Bears are active in Grand Teton
Black and grizzly bears are roaming throughout the park--near roads, trails and in backcountry areas. Hikers and backcountry users are advised to travel in groups of three or more, make noise and carry bear spray. Visitors must stay 100 yards from bears. More »
Area closure in the area around Baxter's Pinnacle
An area closure is in effect around Baxter's Pinnacle to protect nesting peregrine falcons. This closure precludes any climbs of Baxter's Pinnacle and usage of the walk-off gully. This closure will be in effect through 8-15-2013. More »
Area Closure in effect in the Elk Ranch area
A temporary area closure is in effect in the Elk Ranch Area to protect wildlife during the denning and young-rearing period. Follow the link for a map of the closed area. More »
Grizzly Bear Research Trapping Begins in GTNP Public Advised to Heed Posted Warning Signs
Contact: Jackie Skaggs, 307.739.3393
June 2, 2011
Wildlife biologists with the Interagency Grizzly Bear Study Team (IGBST) will begin trapping operations in Grand Teton National Park to capture grizzly bears and gather data for research purposes. These operations will begin June 8th and continue through the end of July. To alert the public of these trapping operations, warning signs will be posted at major access points where capture activities are underway. It is critical that all members of the public heed the warning signs and remain well away from the posted areas.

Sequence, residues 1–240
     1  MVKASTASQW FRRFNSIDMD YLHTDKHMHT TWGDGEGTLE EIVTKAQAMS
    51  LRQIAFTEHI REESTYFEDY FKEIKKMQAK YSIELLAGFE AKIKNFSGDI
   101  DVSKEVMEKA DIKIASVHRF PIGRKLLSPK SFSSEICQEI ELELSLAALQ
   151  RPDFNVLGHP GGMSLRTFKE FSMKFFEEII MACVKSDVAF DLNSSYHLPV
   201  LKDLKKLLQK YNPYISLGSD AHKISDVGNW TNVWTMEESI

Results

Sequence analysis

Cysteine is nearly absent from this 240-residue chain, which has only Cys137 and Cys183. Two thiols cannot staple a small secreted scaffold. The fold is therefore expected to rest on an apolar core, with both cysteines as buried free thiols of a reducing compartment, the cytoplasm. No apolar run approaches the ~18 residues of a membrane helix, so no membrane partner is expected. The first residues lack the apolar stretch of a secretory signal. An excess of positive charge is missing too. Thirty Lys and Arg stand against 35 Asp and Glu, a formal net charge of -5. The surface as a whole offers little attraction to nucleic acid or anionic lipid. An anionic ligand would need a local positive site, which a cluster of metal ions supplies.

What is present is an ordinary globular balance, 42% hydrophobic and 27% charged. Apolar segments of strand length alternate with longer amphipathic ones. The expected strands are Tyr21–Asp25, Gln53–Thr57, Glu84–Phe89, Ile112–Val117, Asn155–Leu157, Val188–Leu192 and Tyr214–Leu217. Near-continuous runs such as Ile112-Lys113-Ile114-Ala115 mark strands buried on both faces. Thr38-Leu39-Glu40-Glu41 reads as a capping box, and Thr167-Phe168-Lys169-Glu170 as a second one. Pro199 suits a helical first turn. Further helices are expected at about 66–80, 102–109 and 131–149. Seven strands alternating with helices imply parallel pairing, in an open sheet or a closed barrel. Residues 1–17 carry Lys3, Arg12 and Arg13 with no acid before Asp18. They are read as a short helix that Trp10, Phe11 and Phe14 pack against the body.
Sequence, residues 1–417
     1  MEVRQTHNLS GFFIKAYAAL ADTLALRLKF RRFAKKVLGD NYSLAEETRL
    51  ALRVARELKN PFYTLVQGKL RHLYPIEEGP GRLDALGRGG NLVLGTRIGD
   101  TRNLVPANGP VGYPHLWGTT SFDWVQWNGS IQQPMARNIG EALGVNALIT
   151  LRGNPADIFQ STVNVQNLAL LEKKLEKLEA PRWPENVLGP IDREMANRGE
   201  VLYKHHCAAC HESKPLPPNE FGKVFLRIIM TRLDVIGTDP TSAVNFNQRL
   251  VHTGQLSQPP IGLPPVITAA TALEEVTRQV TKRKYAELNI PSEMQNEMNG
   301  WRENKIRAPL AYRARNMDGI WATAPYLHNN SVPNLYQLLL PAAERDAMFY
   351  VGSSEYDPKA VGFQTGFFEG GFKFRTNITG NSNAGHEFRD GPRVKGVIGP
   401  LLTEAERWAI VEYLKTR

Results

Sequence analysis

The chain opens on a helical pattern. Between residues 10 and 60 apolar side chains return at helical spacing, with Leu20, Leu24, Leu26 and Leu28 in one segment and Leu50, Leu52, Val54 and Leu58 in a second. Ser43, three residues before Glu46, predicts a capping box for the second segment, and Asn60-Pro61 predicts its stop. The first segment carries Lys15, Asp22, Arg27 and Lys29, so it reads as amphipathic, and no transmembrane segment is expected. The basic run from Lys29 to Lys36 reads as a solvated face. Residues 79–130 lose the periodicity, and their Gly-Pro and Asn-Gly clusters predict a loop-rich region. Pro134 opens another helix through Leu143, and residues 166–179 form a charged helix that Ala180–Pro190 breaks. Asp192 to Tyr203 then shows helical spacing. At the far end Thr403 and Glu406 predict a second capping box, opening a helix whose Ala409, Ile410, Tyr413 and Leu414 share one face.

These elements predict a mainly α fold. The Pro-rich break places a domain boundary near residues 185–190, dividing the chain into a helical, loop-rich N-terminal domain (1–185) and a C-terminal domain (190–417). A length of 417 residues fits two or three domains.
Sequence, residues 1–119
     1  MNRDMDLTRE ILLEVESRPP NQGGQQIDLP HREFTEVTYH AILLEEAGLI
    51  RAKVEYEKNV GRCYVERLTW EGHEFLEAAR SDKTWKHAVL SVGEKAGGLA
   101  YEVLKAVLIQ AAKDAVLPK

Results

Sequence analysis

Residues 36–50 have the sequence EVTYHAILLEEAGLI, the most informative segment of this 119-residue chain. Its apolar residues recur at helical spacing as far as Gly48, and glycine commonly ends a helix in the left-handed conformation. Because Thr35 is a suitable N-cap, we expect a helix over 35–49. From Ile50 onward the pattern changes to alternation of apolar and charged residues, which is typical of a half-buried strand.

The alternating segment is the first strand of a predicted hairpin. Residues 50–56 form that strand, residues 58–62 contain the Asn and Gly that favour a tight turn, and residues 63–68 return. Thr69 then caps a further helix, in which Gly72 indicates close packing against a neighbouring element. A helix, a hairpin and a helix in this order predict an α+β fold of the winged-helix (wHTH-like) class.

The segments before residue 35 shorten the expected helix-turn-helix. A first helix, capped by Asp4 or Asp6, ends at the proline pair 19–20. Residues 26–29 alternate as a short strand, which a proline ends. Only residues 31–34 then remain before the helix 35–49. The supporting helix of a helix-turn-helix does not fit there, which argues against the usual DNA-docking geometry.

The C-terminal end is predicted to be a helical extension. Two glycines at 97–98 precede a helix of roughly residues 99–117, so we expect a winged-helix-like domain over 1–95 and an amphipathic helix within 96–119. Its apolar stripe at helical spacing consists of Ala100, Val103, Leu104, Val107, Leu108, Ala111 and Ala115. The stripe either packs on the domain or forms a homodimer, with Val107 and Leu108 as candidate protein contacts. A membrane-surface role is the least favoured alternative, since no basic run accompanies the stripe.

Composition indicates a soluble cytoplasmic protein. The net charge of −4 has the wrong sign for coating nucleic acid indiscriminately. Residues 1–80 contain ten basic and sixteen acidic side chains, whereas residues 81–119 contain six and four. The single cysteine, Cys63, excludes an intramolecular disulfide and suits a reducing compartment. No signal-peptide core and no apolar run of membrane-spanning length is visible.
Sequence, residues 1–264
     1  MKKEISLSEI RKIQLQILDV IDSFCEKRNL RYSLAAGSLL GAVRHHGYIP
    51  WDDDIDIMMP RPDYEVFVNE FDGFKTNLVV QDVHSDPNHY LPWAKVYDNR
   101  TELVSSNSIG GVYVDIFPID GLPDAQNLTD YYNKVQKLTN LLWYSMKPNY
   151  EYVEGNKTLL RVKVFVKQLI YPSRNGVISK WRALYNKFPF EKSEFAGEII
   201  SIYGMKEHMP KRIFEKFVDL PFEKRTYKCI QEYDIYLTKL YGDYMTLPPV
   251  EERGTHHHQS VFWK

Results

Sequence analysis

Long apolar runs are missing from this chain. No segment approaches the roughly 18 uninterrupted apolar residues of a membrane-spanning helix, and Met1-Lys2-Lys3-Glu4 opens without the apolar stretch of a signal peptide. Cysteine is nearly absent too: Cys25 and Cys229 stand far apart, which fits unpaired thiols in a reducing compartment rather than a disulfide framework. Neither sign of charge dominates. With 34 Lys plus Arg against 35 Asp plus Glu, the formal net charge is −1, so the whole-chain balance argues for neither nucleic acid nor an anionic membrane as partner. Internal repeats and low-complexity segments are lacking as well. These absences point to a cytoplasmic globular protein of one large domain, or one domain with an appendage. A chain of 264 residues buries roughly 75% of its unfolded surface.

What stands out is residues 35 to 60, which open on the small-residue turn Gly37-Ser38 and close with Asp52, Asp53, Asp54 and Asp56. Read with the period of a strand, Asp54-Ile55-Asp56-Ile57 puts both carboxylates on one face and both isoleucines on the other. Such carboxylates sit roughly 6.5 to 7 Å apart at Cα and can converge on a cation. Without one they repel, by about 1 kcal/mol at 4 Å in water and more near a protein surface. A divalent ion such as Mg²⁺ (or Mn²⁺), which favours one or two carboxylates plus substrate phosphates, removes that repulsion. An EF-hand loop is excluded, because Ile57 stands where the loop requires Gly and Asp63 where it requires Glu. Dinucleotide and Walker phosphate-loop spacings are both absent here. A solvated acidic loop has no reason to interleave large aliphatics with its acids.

Trapping operations are a part of ongoing efforts required under the Endangered Species Act to monitor the population of grizzly bears in the Yellowstone Ecosystem. Monitoring of grizzly bear distribution and other activities are vital to recovery of grizzlies across the Yellowstone Ecosystem.
To attract bears, biologists utilize natural food sources such as fresh road-killed deer and elk. Potential trapping sites are baited with these natural foods, and if indications are that grizzly bears are in the area, culvert traps will be used to capture the bears. Once trapped, the bears are sedated and studied in accordance with strict protocols developed by the IGBST.
Whenever bear trapping activities are being conducted for scientific purposes, the area around the site will be closed to public entry and posted with bright warning signs. These signs are posted along the major access points to the trapping site. It is important that the public comply with the closure signs and not venture into an area that has been posted.
For more information regarding grizzly bear trapping, call IGBST at 406.994.6675 or Grand Teton National Park at 307.739.3393.
Did You Know?
Did you know that pronghorns are the fastest mammals in the western hemisphere? They can run up to 70 mph, but do not like to jump fences! In the summer, pronghorn live along Antelope Flats Road, but in fall they migrate almost 200 miles to central Wyoming.